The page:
Tuesday, January 26, 2010

A Visit To El Pipila Peñón de los Baños

Valentin, John, Cynthia & Prof Kulik
This past week I visited a farm cooperative on an ejido north of Los Rodriguez. Residents of this small dairy farming community want their children to stay home, not migrate to the U.S. What do the children need? Work. So, they have banded together and formed a SPR (Sociedad de Produccion Rural). They borrowed money from the revolving loan fund of a local non-profit organization, Center For Global Justice, and from the Weissman Foundation, and have built a greenhouse in which to grow organic tomatoes. With help and guidance from another agricultural cooperative, they constructed eight more greenhouses and are beginning to grow tomatoes and other crops. We toured the greenhouses to see their success and listened as they shared their hopes for the future. Then, they invited us to share comida (lunch).

Greenhouses of El Pipila Cooperative in Peñón de los Baños

Valentin, member of the cooperative

Valentin tells us about the effects of freezing temperatures on the tomato crop.

Los Jitomates

Organic tomatoes on the vine

Lupe and Luisa Invite Us For Comida

Una Comida Muy Rica

Luisa and Lupe prepared a delicious lunch, starting with rice,
tortillas, chile con huevos and nopales salad.


Lupe's daughter, Esmeralda, joins us for comida.

Chiles Rellenos

The final course of a 3-course afternoon comida --
Chiles Rellenos Poblanos --prepared by Luisa and Lupe

Monday, January 25, 2010

Thursday, January 21, 2010

A Tea To Benefit Casa de los Angeles

Mexican Mask Gallery at Casa de la Cuesta, San Miguel de Allende, Mexico

Yesterday afternoon I attended a tea to benefit the daycare center, Casa de los Angeles, hosted by Heidi and Bill LaVasseur at their bed & breakfast, Casa de la Cuesta. It was a wonderful opportunity to tour the extraordinary mask museum, The Other Face of Mexico, curated by owner Bill LaVasseur (see photo above).

While enjoying different varieties of tea and goodies, we were entertained by local personality, Michael Sudheer, who performed cabaret style music and classical guitarist, Bryan Townsend.
But most important, the well-attended afternoon event raised much needed funds to keep providing free daycare to over 100 children of indigent Mexican women, two nutritious meals a day for moms and siblings who are there with the children, and a variety of other support services.

Friday, January 15, 2010

Non-Profit Daycare Helps Families in San Miguel de Allende, Mexico

In traditional communities, including Mexico, members of the extended family care for children while parents work. However, as poverty worsens, it is often the case that all family members must work just to meet basic survival needs. Unfortunately, sometimes the oldest child must stay home and care for younger siblings, making it impossible for her/him to attend school. All too often there is no one to care for children and they are left home alone while family members work. Without education, the next generation will stay mired in poverty.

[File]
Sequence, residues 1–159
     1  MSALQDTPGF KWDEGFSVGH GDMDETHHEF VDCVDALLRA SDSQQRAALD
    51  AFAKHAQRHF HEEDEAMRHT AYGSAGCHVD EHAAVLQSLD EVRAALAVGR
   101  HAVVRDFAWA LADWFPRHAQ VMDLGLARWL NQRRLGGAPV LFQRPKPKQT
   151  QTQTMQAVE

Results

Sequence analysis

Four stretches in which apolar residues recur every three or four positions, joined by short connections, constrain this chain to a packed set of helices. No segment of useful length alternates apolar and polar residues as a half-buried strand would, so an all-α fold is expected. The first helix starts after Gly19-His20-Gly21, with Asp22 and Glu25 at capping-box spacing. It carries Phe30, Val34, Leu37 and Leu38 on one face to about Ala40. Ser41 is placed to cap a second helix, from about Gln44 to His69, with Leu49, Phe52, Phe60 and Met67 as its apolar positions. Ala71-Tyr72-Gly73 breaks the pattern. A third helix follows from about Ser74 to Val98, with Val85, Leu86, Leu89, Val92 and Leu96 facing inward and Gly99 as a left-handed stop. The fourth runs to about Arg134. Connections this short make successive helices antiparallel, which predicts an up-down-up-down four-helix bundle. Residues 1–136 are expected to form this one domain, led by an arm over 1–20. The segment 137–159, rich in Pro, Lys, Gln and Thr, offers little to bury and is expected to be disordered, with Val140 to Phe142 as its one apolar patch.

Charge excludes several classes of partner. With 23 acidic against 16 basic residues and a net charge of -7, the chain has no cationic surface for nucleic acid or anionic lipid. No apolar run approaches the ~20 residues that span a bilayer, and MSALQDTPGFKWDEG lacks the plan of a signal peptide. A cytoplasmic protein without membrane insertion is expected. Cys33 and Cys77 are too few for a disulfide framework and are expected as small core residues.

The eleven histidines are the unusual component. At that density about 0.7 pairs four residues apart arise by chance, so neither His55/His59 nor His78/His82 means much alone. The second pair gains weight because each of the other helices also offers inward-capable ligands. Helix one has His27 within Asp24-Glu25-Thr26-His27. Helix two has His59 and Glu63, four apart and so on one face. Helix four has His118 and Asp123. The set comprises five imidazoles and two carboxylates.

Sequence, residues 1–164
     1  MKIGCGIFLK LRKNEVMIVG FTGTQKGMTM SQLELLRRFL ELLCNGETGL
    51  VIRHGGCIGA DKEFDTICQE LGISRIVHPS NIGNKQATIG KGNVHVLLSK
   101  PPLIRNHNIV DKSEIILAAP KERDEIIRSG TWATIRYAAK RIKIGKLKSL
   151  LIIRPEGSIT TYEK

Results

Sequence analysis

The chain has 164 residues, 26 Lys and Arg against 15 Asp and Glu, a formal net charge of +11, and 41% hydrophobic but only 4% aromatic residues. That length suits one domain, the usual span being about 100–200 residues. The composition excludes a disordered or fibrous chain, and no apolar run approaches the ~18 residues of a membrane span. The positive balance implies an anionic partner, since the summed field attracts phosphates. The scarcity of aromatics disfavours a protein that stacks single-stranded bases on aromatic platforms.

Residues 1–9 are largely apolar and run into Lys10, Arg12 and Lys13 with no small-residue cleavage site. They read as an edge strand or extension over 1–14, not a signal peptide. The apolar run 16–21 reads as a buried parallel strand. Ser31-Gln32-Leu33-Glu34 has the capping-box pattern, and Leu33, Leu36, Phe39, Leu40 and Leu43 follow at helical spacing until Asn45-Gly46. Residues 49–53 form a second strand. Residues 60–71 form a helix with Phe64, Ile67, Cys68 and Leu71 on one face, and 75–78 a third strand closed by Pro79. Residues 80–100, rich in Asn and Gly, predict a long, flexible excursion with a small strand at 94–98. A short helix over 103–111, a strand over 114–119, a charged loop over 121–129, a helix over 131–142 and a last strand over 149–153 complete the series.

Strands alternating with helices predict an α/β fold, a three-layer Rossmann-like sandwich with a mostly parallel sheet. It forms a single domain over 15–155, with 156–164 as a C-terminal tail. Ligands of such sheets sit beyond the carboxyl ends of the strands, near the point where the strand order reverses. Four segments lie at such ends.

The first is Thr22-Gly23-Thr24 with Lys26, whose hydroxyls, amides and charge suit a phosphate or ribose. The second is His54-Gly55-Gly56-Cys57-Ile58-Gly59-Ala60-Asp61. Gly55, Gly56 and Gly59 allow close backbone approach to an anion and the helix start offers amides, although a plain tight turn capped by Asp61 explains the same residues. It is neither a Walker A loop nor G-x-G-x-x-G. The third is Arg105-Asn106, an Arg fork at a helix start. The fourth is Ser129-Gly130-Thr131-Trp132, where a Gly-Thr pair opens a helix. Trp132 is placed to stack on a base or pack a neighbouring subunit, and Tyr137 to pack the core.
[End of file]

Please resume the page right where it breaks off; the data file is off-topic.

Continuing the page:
Around ten years ago, Donna Quathamer started a free daycare center, Casa de los Angeles, to help poor families (mostly mothers) who work in San Miguel de Allende, Mexico. Last week I had the pleasure of meeting Donna through my friend Lee, also one of the center's board members, and I was given a tour of the center's two facilities. Casa de los Angeles currently serves 92 poor families and requires that each parent volunteer one hour for each day their children attend the program. In addition, there is a constant flow of volunteers from all over the world who spend anywhere from one week to one year working at the center. This reflects not only the dedication and hard work of everyone involved at the center, but also the inspiration of Donna Quathamer. Donna really is the epitome of transformational leadership.

According to their website:

"Casa de los Angeles is a community of caring people who gather to nurture children, serving the needs of the less fortunate, treating each person with dignity and respect as they work to make a better life for themselves and the community as a whole.

Established in the heart of San Miguel de Allende, it is a safe haven for the children of the streets and those whose mothers come from the outskirts of town to work or to sell their wares at the local mercado. Casa de los Angeles was founded on September 18, 2000. It has grown over the years to now serve more than 100 children from 83 families at two centers.

In addition to daycare, the centers provide a place for mothers to find the support and the help they need to make a good life for themselves and their children. Casa de los Angeles is able to provide medical care for the families, a food bank, summer camp, and scholarships" (Casa de los Angeles).

To learn more about the mission and vision of Casa de los Angeles, visit their website at: www.casadelosangeles.org.

Here is a short video from their website:

Friday, January 8, 2010

Mexico: Cultural Dimensions